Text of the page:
I didn’t want to be gross and undesirable; I didn’t want to be thought of lazy and undisciplined. This is what fat actually meant to me.

///

Those who know me well wouldn’t describe me as a judgmental person, and I try hard not to be. Yet in this area I was judging harshly without even realizing I was doing it. I was judging strangers, friends, and family as unhealthy, unhappy, and undisciplined. It was a humbling and healing truth to learn about myself.  Now that I had this understanding, I could see a little deeper into my eating disorder and the anxiety around my food and clothing choices, my social interactions, and my strict exercise regimens. I was seeing myself and fearing myself as that which I was judging harshly about others, and I was starving myself to death to avoid being what I had so irrationally feared.

For example, I would have changed my mind about an outfit believing that I looked fat in it…maybe my arms looked big or my stomach didn’t look flat. I would change simply because I judged myself as looking terrible because I had seen someone else in an outfit where her arms looked big or her stomach swelled out, thus judging her as needing to change her outfit. Body checking others led me to body check myself.  All I was seeing was bodies and body parts rather than knowing the people who lived inside the body shapes.

///

We do this kind of judging as a culture, don’t we? There’s an expectation that larger bodies shouldn’t be in bikinis because what? It’s gross? No one wants to see exposed fat? Several brands of jeans have pants that “slim you down” because what? It’s not okay to show off the shape of your booty and thighs? Folks who live in larger bodies shouldn’t be eating “that cheeseburger.” Why? Because those people are fat and cheeseburgers are fattening and they should be eating a salad instead? Larger bodied people should be on diets to slim down because why? They’d be so much healthier?  (Note: Many folks in larger bodies are healthier than many of us in smaller ones. Health isn’t determined body size!)

Over time we believe the judgements about “fat people” and the expectations of what their lifestyles should be; we begin to apply those judgements and expectations to ourselves.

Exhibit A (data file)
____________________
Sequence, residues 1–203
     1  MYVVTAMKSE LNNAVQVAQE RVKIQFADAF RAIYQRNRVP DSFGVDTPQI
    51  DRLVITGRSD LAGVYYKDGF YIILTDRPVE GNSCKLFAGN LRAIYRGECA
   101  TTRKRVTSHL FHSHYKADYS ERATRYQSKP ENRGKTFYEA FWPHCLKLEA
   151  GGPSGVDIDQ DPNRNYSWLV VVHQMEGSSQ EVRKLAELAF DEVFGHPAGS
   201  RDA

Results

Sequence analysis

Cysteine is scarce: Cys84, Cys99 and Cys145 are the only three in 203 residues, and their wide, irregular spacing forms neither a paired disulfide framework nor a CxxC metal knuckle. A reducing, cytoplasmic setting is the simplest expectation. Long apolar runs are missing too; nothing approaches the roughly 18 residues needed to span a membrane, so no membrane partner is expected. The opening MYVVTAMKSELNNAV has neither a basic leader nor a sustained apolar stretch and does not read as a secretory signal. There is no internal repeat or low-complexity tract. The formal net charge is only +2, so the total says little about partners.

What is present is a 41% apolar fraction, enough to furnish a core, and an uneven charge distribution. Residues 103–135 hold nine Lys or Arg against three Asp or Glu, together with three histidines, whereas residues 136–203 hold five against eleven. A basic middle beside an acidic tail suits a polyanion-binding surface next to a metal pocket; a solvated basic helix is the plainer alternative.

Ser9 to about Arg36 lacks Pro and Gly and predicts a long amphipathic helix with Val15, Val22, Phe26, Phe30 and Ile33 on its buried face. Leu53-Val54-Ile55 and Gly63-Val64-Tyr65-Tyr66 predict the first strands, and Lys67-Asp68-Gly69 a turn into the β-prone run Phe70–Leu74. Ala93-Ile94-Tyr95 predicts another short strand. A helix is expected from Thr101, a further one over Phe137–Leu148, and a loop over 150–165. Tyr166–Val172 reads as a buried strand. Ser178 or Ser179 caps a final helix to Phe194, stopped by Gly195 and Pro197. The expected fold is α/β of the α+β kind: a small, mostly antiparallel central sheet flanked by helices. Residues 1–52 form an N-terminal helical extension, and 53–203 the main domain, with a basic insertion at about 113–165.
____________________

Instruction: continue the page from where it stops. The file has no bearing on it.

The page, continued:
• Summer’s coming and my body is so gross right now. I need to lose weight so I can wear a swimsuit.
  • I was so bad today eating those fries. I should have had the salad. I need to lose like 10 pounds. I should do a boot camp.
  • Oh my gosh I can see my rolls in this shirt. Ugh. I can’t wear this.
  • I gained six pounds this month. I am SO addicted to sugar. I need to cleanse and drop some weight.

These feelings suck, but instead of processing why we feel bad, we just avoid the feelings by going on diets, changing our clothes, regimenting exercise. We agonize over menus, ignore hunger signals, dread shopping, and become hyper-aware and anxious about calories, fats, and sugar. The bad feelings don’t actually go away. Anxiety, guilt, and shame around our bodies are constant because the messaging about “fat bodies” is constant. Our sucky feelings just grow because it’s impossible to achieve cultural expectations, thus leaving us constantly unsatisfied with ourselves.

The first step toward body satisfaction is to deeply understand what fat means to you and to notice (honestly) how culture’s messaging about fat is affecting how you view others in larger bodies and thus judging yourself in your own body. This is not an easy, quick, or comfortable step because it requires deep inner work. Body satisfaction doesn’t come from diets; it comes from deep inner work.

So, what does fat mean to you?

///

 

Like this article? Learn more from my free guide 4 Healthy Habits that are Hurting You